What It Is: Easter Island, a special territory of Chile, is one of the most remote populated islands on Earth, a UNESCO World Heritage Site 2,300 miles west of Chile and 2,500 miles east of Tahiti. It is known for its gigantic stone heads, said to represent the spiritual energy of each tribe’s ancestors.

Climate: Easter Island experiences minimal temperature variations. The warmest months are January through March when highs average about 80 degrees Fahrenheit and lows average around 69 degrees; the coolest months are July through September when highs average about 70 and lows about 61. May is the wettest month and October the driest. The high season is between January and March. Pack rain gear and a windproof jacket. 

Getting There and Getting Around: The International Airport in Mataveri, Hanga Roa, Easter Island is the main access point and is one of the most remote airports in the world. You can fly here directly from the Comodoro Arturo Merino Benítez International Airport of Santiago de Chile (SCL) or the Faa’a International Airport of Papeete in Tahiti. LATAM Airlines (formerly LAN) flies from New York to Santiago daily with a change of airplanes in Miami. From there, it's a five-hour flight directly to Easter Island.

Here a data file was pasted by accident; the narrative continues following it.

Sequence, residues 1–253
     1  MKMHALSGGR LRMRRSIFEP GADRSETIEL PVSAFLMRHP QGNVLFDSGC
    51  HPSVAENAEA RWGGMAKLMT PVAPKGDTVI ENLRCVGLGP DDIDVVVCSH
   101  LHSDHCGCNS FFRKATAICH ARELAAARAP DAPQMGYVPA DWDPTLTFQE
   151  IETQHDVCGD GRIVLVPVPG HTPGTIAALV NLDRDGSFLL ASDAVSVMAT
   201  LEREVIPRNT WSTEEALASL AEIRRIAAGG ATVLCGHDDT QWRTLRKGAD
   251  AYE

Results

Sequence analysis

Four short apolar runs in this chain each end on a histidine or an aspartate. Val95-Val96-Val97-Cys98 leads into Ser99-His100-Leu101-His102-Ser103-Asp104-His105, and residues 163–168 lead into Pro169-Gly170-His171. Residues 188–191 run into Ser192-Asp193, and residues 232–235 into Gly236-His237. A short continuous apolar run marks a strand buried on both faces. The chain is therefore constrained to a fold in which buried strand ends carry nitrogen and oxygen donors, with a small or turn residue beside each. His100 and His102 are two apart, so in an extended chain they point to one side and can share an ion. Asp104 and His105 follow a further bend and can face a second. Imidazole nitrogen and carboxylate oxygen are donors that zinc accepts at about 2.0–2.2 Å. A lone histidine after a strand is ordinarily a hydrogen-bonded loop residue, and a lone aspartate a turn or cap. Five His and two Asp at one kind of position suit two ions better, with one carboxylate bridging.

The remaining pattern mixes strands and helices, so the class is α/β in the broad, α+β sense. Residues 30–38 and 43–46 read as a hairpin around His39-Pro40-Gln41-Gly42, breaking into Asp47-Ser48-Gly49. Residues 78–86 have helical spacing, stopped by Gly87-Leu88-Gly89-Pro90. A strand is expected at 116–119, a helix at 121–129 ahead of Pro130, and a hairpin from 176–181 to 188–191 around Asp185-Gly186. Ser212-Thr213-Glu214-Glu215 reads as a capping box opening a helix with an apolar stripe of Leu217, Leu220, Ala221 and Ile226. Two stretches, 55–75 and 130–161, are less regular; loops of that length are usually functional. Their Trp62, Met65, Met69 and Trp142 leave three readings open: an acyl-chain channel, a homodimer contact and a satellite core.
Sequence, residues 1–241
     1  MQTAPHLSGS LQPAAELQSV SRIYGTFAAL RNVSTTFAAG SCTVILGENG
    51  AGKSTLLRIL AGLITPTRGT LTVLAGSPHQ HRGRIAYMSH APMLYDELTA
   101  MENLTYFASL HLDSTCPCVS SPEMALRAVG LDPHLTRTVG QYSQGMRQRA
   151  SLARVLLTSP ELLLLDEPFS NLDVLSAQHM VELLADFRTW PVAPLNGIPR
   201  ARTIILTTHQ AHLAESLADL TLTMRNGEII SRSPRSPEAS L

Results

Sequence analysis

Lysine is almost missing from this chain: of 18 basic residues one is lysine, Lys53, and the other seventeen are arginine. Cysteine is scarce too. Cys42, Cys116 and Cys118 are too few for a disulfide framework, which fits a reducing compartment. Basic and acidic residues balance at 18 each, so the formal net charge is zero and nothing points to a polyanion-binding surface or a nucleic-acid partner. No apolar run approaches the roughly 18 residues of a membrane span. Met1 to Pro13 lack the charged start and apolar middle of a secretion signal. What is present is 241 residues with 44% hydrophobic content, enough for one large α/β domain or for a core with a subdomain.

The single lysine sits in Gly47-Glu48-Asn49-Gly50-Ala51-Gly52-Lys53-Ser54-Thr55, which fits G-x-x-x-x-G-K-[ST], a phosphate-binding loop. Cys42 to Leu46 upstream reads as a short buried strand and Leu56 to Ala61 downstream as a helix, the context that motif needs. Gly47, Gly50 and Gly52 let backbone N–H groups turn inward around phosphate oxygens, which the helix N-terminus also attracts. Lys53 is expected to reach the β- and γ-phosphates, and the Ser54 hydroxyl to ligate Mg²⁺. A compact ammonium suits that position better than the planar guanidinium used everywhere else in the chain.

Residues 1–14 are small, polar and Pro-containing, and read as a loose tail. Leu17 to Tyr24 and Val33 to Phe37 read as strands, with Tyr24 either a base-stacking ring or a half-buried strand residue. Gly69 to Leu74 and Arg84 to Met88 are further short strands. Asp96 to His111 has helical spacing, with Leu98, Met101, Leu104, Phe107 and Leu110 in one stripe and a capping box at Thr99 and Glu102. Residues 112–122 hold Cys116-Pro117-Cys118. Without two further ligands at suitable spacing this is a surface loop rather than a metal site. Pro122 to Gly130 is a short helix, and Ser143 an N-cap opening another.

The airport's single runway is 10,885 feet long. Private jets can easily land here as the air strip was built by the U.S. for the Space Shuttle. (The Concorde has landed here a few times.) 

Car rentals are available, though ones with automatic transmissions should be reserved in advance. Some tour packages include a car and driver.

Activities: Visit the gigantic heads in the quarry as well as the 15 restored heads on a platform at Ahu Tongariki at the ocean’s edge. Hike up to Orongo to learn about the Birdman competition. Hike through lava tubes and into caves and hike or bike to beaches to swim, snorkel, and surf. The Kari Kari Ballet is not to be missed. Stargazing conditions are ideal as light pollution is next to nonexistent.

Traveler Report Card

Accommodations: Explora Rapa Nui (A+) offers Easter Island tours that include lodging, food, alcoholic beverages, daily group explorations led by bilingual guides, and roundtrip transfers from Mataveri Airport to the Explora Rapa Nui. There are ocean-facing guest houses with whitewashed wooden rafters and sliding glass doors leading to an outside dining room, bar, and living room. Amenities include a pool and a massage area. Hotel Hare Uta (B) is a rustic resort in a beautiful setting and offers free bikes for the 15-minute ride into town. Some of the rooms are on the roadside and can be noisy. Nayara Hangaroa (B-) which is rugged, not luxe, offers all-inclusive packages, good guides, tricycles for rent, a spa suite, and ocean views.

Cuisine: Most visitors eat their meals in their hotel. The food this author experienced at Explora Rapa Nui (A+) was always served with superb Chilean wines. There was much local fish and shellfish: tuna, mahi mahi, sierra or kana kana, lobster, shrimp, and rape rape, a smaller native lobster. Sweet potatoes, taro, yams, bananas, and sugar cane are ubiquitous. Po’e is a delicious pudding or sponge cake made from banana, pumpkin, or cassava.